From: Jackson Dodd
Subject: Conference on Domain-Specific Languages (DSL) - Call for Papers
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Announcement and Call for Papers

Conference on Domain-Specific Languages
October 15-17, 1997 
Red Lion Resort--Santa Barbara, California 

Sponsored by the USENIX Association 
In cooperation with ACM SIGPLAN (pending)

Papers due : June 13, 1997 
Author notification: July 10, 1997 
Camera-ready final papers due: September 2, 1997 

Chris Ramming - AT&T Labs (Program Chair)

Thomas J. Ball - Lucent Bell Laboratories
Gerard Berry- CMA, Ecole des Mines de Paris
Jon Bentley - Lucent Bell Laboratories
Peter Buneman - University of Pennsylvania
Luca Cardelli - Digital Equipment Corporation
Steve Johnson - Transmeta Corporation
Takayuki Dan Kimura - Washington University
Todd Knoblock - Microsoft Research
David Ladd - Spyglass (Speaker Chair)
Adam Porter - University of Maryland
Jan Prins - University of North Carolina at Chapel Hill

Language is central to the discipline of software engineering. 
Programmers use a variety of languages in their daily work, and 
new languages appear frequently. This proliferation is not 
gratuitous: each new language offers specific solutions to genuine 
software problems. However, not all languages address the problem 
of general-purpose computing: domain-specific languages (DSLs) 
are explicitly designed to cover only a narrow class of problems, 
while offering compelling advantages within that class. This 
conference is dedicated to the discussion of the unique aspects of DSL 
design, DSL implementation, and the use of DSLs in software 

Domain-specific languages give rise to a number of questions. What 
are the design principles for the creation of new DSLs? How can the
process of DSL design be codified and structured? What roles can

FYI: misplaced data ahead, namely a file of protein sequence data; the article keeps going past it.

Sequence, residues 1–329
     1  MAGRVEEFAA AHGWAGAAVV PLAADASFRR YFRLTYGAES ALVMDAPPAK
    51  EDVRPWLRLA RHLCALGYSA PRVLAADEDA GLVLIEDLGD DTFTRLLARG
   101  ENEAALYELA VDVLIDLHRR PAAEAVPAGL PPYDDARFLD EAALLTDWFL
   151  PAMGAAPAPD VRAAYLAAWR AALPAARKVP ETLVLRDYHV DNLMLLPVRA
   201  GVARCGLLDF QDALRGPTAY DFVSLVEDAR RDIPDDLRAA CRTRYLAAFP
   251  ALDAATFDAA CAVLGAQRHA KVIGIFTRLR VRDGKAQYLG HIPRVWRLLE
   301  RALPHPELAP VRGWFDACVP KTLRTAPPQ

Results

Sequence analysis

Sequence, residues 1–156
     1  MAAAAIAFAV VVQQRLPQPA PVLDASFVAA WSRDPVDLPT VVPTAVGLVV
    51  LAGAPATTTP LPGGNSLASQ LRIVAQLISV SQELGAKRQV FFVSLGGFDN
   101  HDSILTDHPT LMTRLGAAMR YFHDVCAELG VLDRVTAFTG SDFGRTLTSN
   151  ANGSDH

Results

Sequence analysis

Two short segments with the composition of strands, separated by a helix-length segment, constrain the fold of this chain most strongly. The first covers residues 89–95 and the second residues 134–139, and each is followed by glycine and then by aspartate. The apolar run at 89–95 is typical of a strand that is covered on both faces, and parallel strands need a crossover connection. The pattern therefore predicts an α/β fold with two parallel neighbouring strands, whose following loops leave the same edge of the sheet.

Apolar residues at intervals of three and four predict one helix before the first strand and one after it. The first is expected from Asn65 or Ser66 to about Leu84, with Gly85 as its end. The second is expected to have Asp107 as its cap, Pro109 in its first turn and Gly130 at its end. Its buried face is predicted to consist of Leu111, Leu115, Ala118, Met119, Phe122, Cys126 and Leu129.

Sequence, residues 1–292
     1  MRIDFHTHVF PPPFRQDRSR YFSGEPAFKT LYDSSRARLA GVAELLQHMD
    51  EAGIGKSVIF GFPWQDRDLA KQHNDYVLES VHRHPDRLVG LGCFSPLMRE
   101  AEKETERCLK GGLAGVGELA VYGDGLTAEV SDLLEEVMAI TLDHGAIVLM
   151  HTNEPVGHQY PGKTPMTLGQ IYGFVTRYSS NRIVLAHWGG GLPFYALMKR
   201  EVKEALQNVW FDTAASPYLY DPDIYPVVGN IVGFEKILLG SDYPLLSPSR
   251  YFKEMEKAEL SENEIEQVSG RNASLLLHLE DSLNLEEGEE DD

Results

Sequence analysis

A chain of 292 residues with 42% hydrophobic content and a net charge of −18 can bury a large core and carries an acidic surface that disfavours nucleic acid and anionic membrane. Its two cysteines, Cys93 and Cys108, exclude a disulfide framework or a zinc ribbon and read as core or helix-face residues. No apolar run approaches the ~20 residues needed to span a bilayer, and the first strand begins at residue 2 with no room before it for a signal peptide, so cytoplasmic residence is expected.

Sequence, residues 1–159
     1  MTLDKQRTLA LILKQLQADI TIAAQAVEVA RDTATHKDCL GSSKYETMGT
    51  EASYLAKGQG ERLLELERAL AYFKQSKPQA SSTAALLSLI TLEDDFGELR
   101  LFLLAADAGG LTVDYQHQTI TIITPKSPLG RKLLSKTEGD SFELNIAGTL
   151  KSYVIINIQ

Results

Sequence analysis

domain-specific languages play in software engineering? How does 
the use of domain-specific languages affect software engineering 
process? What are the tools, environments, and techniques needed to 
support the use of domain-specific languages? What are the concrete 
technical advantages and disadvantages of domain-specific 
languages? What are the economic costs and benefits of domain-
specific languages? These and other questions are the focus of this 
conference on domain-specific languages. 

The conference seeks to advance the practice of DSL design, DSL 
implementation, and software engineering generally by: 

-- eliciting examples of successful domain-specific languages 
-- highlighting the spectrum of benefits which domain-specific 
   languages can provide 
-- discovering design principles and methodologies for creating DSLs 
-- eliciting design techniques and tools for working with domain-
   specific languages throughout the software engineering lifecycle 
-- providing a framework within which language designers from 
   different domains can easily communicate 
-- establishing the practical value of domain-specific languages 
   through the publication of empirical data concerning productivity,
   quality, and maintainability 
-- creating a community that will continue to study and refine the 
   practice of software engineering through domain-specific languages 

The technical sessions will include refereed papers, invited talks, 
and Birds-of-a-Feather (BoF) sessions. We seek papers that draw on
experience in a wide variety of areas, including but not limited to